hosted by Melissa Grant & Oliver de Peyer
High Altitude Bio-prospecting – Extremophiles:Psychrophiles:Cryobiosis
The copiously branching tree of life reveals that life can exist almost anywhere on Earth. Eighty percent of the biosphere, including the deep oceans, the cryosphere at the planet’s poles and the high atmosphere where the focus of HAB locates, is permanently cold. Yet we know relatively little about cold defying organisms: where do they live? How do they survive? Can we find them? Research suggests that there are microbes above us seeding snowflakes and rain clouds and as such instrumental for life on the ground, forming a shell which is part is seemingly part of every ecosystem on this planet. They may be few and far between – will lengthy flights be needed to find them? Can contact be made? Can we sample the high atmosphere and discover unique extremophiles and psycrophiles that live and thrive? With a transdisciplinary group HAB will seek strategies to investigate the high atmosphere above the subarctic Kilpisjärvi and explore how to think about the relationship between the ecologies of the ground and the sky from the perspective of art and the sciences.
Melissa Grant is a biochemist with a deep interest in the reciprocal influences of arts & sciences. She is a current researcher at the University of Birmingham, curator of the Open Wide project in the Birmingham Dental Hospital and fellow at Birmingham Open Media. She has been part of the High Altitude Bioprospecting (HAB) team, with Oliver de Peyer, since its conception in 2008. HAB are particularly interested in discovery of micro-organisms in extreme environments, such as the stratosphere. http://h-a-b.net/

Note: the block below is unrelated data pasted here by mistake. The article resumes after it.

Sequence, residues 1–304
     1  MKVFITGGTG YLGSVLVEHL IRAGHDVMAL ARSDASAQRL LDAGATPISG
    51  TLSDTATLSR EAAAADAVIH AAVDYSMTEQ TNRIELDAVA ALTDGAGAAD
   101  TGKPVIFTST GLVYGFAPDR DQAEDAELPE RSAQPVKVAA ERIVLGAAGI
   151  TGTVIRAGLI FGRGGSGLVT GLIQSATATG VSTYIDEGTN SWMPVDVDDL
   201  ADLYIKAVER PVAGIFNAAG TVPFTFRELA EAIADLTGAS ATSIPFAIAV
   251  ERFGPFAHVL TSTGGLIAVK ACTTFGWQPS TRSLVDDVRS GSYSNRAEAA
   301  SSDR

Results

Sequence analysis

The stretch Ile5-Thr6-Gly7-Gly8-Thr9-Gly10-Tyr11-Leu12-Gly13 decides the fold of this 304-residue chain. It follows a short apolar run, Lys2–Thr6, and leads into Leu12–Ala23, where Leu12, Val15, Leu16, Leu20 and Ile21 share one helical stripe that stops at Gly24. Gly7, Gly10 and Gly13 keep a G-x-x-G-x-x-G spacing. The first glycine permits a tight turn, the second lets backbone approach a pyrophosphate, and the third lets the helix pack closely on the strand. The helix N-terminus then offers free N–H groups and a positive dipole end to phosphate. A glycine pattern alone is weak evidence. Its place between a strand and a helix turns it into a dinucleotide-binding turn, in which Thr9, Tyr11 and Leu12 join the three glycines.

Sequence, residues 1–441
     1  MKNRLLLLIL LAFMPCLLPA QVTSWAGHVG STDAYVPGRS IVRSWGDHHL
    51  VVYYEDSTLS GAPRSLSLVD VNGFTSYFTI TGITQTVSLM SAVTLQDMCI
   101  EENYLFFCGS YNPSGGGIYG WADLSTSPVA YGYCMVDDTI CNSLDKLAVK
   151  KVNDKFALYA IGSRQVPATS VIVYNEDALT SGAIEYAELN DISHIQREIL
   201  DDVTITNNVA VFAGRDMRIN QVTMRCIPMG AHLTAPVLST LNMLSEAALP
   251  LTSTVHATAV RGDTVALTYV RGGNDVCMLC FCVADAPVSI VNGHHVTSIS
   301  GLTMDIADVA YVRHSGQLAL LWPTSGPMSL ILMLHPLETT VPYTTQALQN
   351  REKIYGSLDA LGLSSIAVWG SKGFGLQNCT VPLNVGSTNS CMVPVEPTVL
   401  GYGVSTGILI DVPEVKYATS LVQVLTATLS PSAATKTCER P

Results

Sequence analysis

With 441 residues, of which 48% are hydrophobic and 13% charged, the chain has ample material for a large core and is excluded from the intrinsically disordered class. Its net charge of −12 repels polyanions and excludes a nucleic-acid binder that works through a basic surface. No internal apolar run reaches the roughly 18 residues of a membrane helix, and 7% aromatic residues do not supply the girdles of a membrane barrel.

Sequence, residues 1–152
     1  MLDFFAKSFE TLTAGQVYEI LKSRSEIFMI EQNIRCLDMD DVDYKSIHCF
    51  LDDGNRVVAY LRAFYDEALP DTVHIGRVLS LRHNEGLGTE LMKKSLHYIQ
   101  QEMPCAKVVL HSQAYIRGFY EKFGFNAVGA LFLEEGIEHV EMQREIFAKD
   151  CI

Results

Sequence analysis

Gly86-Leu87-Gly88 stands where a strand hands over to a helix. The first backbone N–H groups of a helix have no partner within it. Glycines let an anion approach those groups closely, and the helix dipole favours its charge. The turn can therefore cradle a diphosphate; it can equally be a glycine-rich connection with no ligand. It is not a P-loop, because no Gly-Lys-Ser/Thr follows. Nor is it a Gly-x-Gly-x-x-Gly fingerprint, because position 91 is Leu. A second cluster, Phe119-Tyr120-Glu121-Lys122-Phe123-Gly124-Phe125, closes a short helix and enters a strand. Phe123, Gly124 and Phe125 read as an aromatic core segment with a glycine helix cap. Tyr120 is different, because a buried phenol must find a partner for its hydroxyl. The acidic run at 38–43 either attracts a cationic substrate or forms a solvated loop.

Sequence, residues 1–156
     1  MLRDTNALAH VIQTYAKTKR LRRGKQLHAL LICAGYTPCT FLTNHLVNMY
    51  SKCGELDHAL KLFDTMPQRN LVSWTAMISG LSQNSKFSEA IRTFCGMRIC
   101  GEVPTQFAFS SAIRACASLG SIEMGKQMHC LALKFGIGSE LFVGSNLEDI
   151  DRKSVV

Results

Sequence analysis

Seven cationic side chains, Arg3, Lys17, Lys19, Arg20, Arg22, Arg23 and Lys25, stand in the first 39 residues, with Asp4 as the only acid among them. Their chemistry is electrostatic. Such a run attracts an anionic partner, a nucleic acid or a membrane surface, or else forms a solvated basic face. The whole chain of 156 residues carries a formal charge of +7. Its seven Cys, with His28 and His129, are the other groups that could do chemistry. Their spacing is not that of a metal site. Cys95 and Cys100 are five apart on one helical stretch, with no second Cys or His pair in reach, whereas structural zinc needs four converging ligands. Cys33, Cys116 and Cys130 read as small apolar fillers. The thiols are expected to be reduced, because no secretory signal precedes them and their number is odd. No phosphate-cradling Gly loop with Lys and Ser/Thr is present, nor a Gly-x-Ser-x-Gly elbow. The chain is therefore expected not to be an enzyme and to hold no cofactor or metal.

Oliver de Peyer is a lab automation specialist with a particular interest in astrobiology and interdisciplinary research. He was recently awarded Chartered Scientist status by the Science Council largely on the basis of his part work on HAB with Melissa. Oliver is a firm believer than science can span far beyond the lab you work in, and indeed many of the best scientists may not actually be working in “science” at all. http://h-a-b.net/